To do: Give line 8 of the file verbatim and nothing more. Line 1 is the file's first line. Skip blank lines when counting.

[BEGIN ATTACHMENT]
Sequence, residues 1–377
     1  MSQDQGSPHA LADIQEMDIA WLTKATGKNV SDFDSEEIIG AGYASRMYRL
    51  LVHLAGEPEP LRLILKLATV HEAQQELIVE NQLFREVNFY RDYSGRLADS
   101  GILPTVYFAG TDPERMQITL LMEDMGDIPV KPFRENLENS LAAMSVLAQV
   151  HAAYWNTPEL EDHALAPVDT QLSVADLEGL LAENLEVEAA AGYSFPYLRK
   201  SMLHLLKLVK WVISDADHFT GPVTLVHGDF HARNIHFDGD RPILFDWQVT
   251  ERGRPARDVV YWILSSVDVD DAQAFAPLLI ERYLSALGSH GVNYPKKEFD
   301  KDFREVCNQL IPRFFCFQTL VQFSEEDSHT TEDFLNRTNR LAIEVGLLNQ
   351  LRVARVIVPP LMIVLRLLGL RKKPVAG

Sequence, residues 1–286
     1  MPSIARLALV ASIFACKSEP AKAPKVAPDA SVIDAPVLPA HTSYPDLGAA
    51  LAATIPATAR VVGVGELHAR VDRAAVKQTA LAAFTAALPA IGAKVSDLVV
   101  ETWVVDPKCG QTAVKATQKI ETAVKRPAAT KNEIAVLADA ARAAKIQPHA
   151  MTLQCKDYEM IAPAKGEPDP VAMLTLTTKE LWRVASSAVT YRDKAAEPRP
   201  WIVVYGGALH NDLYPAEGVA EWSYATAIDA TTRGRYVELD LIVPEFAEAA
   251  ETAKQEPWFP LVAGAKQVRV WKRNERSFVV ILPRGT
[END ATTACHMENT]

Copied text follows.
   301  KDFREVCNQL IPRFFCFQTL VQFSEEDSHT TEDFLNRTNR LAIEVGLLNQ